Jeffrey E. Schreiber, MD, FACS
Baltimore Plastic Surgeon
5.0 out of 5 stars 67 reviews

Small, medium or large

+1

Final breast size can never be a predictable cup size. What I try to get from the patients if whether they want to be as small as possible, still large, or somewhere in between. Most patients decide on somewhere in between, something appropriate for their body size.

John P. Stratis, MD
Harrisburg Plastic Surgeon
4.5 out of 5 stars 14 reviews

Look at preop and post op photos

+1

You don't want to reduce the breast size too much, so that you look relatively small breasted compared to your height and weight. A C cup would be the minimum I would consider. I like to balance out the patient's shape, so that if you have large hips, I would tend to maintain larger breasts to balance your proportions. At the same time, you would certainly want to reduce the size of the breasts and lift them enough to make a difference ,both functionally and cosmetically. Look at some photos that your physician has of prior patients ,as well as the various websites where photos are maintained, to get a better idea of what to predict.Keep in mind that there is no guarantee that you will end up exactly as was planned.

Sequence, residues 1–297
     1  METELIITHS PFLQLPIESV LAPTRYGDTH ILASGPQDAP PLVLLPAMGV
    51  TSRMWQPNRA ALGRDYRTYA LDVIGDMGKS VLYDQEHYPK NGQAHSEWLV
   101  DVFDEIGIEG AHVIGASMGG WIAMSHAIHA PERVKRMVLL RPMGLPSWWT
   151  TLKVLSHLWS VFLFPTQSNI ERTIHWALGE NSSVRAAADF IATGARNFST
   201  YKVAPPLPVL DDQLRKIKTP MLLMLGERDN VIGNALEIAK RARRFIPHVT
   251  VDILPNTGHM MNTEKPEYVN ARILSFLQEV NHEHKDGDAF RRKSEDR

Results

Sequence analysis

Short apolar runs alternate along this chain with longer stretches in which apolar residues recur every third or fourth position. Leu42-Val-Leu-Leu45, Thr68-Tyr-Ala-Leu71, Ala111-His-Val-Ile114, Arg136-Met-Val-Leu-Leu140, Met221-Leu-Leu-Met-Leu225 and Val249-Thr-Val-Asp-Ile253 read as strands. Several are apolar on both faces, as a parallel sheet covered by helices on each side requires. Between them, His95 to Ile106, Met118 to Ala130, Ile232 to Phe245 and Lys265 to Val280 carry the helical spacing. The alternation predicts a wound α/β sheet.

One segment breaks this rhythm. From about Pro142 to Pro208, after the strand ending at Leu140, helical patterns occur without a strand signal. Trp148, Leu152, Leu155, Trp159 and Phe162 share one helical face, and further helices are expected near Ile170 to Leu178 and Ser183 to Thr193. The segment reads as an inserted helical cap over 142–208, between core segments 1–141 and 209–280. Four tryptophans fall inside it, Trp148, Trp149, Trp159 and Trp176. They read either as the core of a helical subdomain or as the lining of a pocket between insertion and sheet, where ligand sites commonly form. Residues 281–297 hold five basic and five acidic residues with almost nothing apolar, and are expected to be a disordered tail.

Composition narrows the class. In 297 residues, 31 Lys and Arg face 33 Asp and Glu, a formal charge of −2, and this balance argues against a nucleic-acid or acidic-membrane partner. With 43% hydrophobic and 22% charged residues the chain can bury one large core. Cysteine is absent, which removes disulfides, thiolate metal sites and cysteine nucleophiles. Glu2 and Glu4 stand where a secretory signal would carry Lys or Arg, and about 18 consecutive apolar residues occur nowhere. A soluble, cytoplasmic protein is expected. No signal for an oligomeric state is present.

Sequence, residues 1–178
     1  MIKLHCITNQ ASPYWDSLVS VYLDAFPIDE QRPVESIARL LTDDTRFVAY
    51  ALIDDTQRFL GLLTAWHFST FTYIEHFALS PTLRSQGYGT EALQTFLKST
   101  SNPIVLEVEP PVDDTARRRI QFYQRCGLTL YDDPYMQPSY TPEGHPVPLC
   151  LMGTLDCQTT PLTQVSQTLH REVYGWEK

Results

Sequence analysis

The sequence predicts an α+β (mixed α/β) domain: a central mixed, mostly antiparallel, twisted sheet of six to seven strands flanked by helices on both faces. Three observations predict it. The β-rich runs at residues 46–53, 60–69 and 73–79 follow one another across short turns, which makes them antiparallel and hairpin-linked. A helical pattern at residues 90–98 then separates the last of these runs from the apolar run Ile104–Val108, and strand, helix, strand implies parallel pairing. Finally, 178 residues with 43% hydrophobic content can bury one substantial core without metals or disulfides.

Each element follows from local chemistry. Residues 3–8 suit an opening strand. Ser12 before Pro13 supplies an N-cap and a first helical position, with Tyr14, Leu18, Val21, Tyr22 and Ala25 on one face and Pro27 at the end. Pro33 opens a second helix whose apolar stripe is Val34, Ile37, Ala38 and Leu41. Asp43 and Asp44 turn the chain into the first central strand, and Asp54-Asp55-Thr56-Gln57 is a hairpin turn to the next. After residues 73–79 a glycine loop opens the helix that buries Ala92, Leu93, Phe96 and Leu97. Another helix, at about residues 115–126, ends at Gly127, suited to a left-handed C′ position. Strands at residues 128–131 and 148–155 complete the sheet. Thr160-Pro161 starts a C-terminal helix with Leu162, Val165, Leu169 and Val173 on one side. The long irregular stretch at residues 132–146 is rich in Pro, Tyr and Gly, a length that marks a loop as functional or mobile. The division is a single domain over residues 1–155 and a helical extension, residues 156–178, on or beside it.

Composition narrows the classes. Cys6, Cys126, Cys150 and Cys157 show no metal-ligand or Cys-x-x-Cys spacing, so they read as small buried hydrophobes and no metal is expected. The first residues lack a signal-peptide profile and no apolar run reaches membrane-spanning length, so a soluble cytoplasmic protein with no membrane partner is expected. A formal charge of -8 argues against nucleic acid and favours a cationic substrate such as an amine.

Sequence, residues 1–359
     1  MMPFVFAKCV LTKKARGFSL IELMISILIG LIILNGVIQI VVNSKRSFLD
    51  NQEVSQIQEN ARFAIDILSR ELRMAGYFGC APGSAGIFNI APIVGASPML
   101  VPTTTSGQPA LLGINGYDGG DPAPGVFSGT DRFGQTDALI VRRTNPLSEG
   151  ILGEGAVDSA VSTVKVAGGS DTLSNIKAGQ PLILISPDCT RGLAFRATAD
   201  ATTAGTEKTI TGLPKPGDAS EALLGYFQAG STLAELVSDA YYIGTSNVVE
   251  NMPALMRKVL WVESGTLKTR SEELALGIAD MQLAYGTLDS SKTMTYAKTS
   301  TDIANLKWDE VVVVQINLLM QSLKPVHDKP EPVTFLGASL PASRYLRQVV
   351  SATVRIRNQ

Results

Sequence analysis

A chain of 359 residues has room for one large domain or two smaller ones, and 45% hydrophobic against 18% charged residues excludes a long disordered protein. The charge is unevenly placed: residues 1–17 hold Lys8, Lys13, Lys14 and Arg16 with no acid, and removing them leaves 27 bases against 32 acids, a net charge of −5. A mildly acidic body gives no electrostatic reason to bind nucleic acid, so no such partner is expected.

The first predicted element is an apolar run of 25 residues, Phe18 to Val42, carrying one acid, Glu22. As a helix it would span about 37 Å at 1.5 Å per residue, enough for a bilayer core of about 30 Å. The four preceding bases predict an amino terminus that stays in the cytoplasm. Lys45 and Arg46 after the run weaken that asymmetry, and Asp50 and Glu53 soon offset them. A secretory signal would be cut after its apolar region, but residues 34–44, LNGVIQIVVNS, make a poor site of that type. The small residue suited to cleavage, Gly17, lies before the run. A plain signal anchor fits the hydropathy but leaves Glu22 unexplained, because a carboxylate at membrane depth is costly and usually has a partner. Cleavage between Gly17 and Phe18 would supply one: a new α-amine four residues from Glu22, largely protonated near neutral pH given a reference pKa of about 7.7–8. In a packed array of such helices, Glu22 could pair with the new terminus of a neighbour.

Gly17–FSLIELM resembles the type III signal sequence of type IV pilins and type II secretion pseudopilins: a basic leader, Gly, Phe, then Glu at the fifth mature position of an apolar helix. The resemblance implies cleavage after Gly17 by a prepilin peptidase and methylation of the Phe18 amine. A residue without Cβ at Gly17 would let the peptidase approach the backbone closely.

Joseph M. Perlman, MD
Houston Plastic Surgeon
5.0 out of 5 stars 8 reviews

2-3 cup sizes down from breast reduction

+1

It is reasonable that your breast reduction will make you a full C/small D cup size. Your plastic surgeon will be able to help you with this based on his exam and measurements. It is important not to get totally focused on cup size, symmetry and an aestheticaly pleasing breast is more important. Best of luck!

Hisham Seify, MD, PhD, FACS
Orange County Plastic Surgeon
5.0 out of 5 stars 4 reviews

These answers are for educational purposes and should not be relied upon as a substitute for medical advice you may receive from your physician. If you have a medical emergency, please call 911. These answers do not constitute or initiate a patient/doctor relationship.